Less original than Badí‘u 'l-Zamán, but far beyond him in variety of learning and copiousness of language, Abú Muḥammad al-Qásim al-Harírí of Baṣra produced in his Maqámát a masterpiece which for eight centuries “has been esteemed as, next to the Koran, the chief treasure of the Arabic tongue.” In the Preface to his work he says that the composition of maqámát was suggested to him by “one whose suggestion is a command and whom it is a pleasure to obey.” This was the distinguished Persian statesman, Anúshirwán b. Khálid,1 who afterwards served as Vizier under the Caliph Mustarshid Billáh (1118-1135 a.d.) and Sultán Mas‘úd, the Seljúq (1133-1152 a.d.); but at the time when he made Harírí's acquaintance he was living in retirement at Baṣra and devoting himself to literary studies. Harírí begged to be excused on the score that his abilities were unequal to the task, “for the lame steed cannot run like the strong courser.”2 Finally, however, he yielded to the request of Anúshirwán, and, to quote his own words—
“I composed, in spite of hindrances that I suffered From dullness of capacity and dimness of intellect, And dryness of imagination and distressing anxieties, Fifty Maqámát, which contain serious language and lightsome, And combine refinement with dignity of style, And brilliancies with jewels of eloquence, And beauties of literature with its rarities, Beside verses of the Koran wherewith I adorned them, And choice metaphors, and Arab proverbs that I interspersed, And literary elegancies and grammatical riddles, And decisions based on the (double) meaning of words, And original discourses and highly-wrought orations, And affecting exhortations as well as entertaining jests: The whole of which I have indited as by the tongue of Abú Zayd of Sarúj, The part of narrator being assigned to Harith son of Hammám of Baṣra.”(3)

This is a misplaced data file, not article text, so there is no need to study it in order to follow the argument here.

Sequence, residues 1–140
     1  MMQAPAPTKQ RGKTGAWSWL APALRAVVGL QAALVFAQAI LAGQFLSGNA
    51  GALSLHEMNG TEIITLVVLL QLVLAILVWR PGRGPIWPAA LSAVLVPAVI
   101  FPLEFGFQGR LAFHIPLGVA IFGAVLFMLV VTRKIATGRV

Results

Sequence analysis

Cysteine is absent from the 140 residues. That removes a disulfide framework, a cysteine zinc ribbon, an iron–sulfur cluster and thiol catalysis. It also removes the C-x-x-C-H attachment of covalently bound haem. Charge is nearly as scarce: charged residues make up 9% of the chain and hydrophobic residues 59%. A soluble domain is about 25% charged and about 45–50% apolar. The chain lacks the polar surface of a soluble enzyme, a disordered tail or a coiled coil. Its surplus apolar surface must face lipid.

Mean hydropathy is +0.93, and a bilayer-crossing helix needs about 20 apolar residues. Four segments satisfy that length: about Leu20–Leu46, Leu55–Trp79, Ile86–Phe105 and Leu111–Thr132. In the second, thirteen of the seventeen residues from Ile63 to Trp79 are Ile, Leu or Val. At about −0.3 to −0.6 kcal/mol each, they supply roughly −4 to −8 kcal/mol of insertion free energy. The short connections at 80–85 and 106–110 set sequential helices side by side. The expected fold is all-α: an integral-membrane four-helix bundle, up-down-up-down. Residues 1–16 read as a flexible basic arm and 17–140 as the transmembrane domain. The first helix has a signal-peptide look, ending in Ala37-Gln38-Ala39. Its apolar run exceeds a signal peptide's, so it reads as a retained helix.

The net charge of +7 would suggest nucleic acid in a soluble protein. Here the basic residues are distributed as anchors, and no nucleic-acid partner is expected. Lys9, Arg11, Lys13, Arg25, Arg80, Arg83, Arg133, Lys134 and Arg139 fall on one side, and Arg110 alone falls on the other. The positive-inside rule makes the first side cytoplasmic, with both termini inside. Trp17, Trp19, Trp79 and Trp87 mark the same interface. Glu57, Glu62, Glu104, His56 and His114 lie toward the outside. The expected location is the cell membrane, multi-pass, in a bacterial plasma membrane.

Harírí then proceeds to argue that his Maqámát are not mere frivolous stories such as strict Moslems are bound to reprobate in accordance with a well-known passage of the Koran referring to Naḍr b. Hárith, who mortally offended the Prophet by amusing the Quraysh with the old Persian legends of Rustam and Isfandiyár (Koran, xxxi, 5-6): “There is one that buyeth idle tales that he may seduce men from the way of God, without knowledge, and make it a laughing-stock: these shall suffer a shameful punishment. And when Our signs are read to him, he turneth his back in disdain as though he heard them not, as though there were in his ears a deafness: give him joy of a grievous punishment!” Harírí insists that the Assemblies have a moral purpose. The ignorant and malicious, he says, will probably condemn his work, but intelligent readers will perceive, if they lay prejudice aside, that it is as useful and instructive as the fables of beasts, &c.,4 to which no one has ever objected. That his fears of hostile criticism were not altogether groundless is shown by the following remarks of the author of the popular history entitled al-Fakhrí († circa 1300 a.d.). This writer, after claiming that his own book is more useful than the Hamása of Abú Tammám, continues:—
“And, again, it is more profitable than the Maqámát on which men have set their hearts, and which they eagerly commit to memory; because the reader derives no benefit from Maqámát except familiarity with elegant composition and knowledge of the rules of verse and prose. Undoubtedly they contain maxims and ingenious devices and experiences; but all this has a debasing effect on the mind, for it is founded on begging and sponging and disgraceful scheming to acquire a few paltry pence. Therefore, if they do good in one direction, they do harm in another; and this point has been noticed by some critics of the Maqámát of Harírí and Badí‘u 'l-Zamán.”5